Bill Maher is going back on the air, but will he survive this latest controversy? (Photo by Casey Curry/Invision/AP)
Bill Maher, winner of the First Amendment Award, speaks to the crowd at the 26th Annual Literary Awards Festival at the Beverly Wilshire Hotel on Wednesday, September 28, 2016, in Beverly Hills, Calif (Photo by Casey Curry/Invision/AP)

In 2001, Bill Maher lost his ABC show “Politically Incorrect” after he said that the 9/11 terrorists “were not cowards.” Advertisers pulled their spots, and the time slot was filled with “Jimmy Kimmel Live!,” which has been on the air ever since. In the wake of his cancellation, Maher hit the stand-up circuit full-time, and two years later, he found himself on HBO hosting “Real Time with Bill Maher.”

Maher’s HBO show follows a unique format; he performs a monologue then interviews a prominent figure. Past guests have included leaders in the business, entertainment and political realm (in November 2016, only two days before the election, he hosted then-President Barack Obama). Maher then moves into a panel, and he is known for bringing on guests who don’t quite see eye-to-eye. In February, a blockbuster episode featured alt-right provocateur Milo Yiannopoulos, who, at one point, accused the other panelists of having low IQs.

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The comic is known for being abrasive and even offensive at times. When he interviewed Senator Elizabeth Warren of Massachusetts, Maher jokingly referred to her as Pocahontas, which is the moniker that Trump uses for the Democratic leader.

But on June 2, Maher’s powerful train was derailed when he dropped a racial slur while interviewing Republican Senator Ben Sasse of Nebraska. Neither Maher or Sasse immediately addressed the comment, but there was a tension in the air for the moments following. The condemnations fell hard on the celebrity; Kevin Hart called the comment “tacky,” and Al Sharpton blasted Maher over the moment of impropriety.

In a rare admission of guilt, Maher apologized, saying in a statement:

Friday nights are always my worst night of sleep because I’m up reflecting on the things I should or shouldn’t have said on my live show. Last night was a particularly long night, as I regret the word I used in the banter of a live moment. The word was offensive, and I regret saying it and am very sorry.


HBO released a statement calling the comment “completely inexcusable and tasteless,” but the network has announced that “Real Time” will be returning to the air this Friday. Maher’s scheduled guest, Democratic Senator Al Franken of Minnesota, has backed out and in a statement cited Maher’s comment as the reason for cancelling his appearance.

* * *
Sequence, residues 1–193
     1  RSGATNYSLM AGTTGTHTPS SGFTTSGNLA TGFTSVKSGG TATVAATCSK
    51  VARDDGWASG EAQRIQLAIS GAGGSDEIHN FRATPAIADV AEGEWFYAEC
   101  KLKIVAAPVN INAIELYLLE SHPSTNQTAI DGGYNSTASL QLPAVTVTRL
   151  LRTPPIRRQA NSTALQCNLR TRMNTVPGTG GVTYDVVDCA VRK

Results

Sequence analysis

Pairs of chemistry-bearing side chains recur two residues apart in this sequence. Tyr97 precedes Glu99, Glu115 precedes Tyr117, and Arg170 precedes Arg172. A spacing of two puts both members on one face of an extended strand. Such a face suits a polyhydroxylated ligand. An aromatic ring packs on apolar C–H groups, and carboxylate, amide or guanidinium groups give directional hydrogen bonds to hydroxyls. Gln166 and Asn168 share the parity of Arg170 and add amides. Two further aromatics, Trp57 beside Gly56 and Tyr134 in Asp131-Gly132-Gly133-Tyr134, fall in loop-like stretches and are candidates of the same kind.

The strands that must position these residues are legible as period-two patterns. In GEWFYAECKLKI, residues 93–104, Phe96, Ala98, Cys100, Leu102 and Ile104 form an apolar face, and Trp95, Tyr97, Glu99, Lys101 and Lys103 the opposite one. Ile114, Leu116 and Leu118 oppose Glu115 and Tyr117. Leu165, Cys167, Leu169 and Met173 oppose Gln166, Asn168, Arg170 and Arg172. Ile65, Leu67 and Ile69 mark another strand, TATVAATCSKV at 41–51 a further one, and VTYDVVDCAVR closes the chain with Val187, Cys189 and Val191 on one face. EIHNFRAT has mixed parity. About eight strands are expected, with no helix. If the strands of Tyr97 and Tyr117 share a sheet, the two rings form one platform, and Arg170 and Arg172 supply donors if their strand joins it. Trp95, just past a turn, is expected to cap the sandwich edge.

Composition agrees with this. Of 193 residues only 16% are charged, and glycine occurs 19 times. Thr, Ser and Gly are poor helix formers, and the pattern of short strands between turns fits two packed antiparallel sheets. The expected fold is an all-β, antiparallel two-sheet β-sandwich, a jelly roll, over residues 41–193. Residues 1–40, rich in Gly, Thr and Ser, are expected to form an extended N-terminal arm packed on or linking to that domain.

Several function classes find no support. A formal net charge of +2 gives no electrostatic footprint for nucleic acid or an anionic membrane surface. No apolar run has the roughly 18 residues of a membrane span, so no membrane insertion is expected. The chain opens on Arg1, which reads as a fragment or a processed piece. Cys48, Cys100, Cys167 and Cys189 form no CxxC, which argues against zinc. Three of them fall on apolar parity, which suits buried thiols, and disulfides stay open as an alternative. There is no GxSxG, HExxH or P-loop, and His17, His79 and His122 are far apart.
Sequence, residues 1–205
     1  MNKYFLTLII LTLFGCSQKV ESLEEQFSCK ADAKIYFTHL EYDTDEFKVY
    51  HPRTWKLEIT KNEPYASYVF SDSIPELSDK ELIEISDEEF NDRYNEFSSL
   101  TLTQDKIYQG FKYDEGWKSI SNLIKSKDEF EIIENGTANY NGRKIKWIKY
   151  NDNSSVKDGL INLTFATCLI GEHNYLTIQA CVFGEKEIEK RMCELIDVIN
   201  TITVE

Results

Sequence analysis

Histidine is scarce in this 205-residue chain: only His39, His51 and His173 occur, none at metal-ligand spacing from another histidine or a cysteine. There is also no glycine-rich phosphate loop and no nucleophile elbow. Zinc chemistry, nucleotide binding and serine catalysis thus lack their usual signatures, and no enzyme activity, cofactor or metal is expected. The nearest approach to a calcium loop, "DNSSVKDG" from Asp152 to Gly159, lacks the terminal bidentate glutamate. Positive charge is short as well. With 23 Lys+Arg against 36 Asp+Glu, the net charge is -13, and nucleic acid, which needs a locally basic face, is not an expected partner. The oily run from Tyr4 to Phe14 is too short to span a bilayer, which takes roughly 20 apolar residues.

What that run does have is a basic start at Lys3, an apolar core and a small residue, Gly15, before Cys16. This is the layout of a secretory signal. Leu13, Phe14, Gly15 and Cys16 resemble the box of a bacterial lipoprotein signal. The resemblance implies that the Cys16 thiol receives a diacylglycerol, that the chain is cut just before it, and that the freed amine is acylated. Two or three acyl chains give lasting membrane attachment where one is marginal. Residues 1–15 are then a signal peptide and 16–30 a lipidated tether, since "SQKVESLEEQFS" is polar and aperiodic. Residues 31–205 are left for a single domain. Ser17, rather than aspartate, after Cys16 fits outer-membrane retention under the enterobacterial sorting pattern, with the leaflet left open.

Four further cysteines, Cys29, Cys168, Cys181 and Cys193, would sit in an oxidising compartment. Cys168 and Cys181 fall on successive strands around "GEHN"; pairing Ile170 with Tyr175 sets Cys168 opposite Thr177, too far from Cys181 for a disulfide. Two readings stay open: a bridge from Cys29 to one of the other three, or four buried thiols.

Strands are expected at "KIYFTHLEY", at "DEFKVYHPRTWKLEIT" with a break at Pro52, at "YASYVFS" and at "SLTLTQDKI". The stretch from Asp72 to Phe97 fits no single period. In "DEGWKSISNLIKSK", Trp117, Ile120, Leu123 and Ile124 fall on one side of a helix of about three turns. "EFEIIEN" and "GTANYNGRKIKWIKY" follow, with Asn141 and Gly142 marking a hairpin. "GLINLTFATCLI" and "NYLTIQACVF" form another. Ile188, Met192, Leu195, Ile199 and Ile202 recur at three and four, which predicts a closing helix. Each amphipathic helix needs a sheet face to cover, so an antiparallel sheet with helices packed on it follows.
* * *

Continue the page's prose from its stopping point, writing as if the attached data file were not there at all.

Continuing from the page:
More likely than not, Maher won’t lose his show over this latest controversy. HBO operates on a different spectrum than ABC — even the FCC rules governing HBO are different. According to the FCC website, “The same rules for indecency and profanity do not apply to cable, satellite TV and satellite radio because they are subscription services.” There are no commercials during “Real Time with Bill Maher,” so the advertisers who brought down Bill O’Reilly (and previously Maher himself) have no power over him after his latest slip-up.

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For HBO, Maher is a top earner who brings in millions of viewers. Over 1.8 million people tuned into last week’s episode that featured Maher’s racial slur, and that was down from previous weeks. While there are some who might skip “Real Time” in protest, fleeing guests could be the most compelling reason not to watch. But it’s unlikely that will happen; if he were a Sean Hannity, Samantha Bee or even the seemingly-invincible Stephen Colbert, he would have a tough time rising from the ashes, but it’s unlikely that this latest incident will do much damage. Top-notch guests will continue to appear because of the high-profile status of the show, and with top-notch guests come top-notch ratings. The only question is: “Is that okay?”

Alex Thomas About the author:
Alex is from Delaware. He lives in DC.
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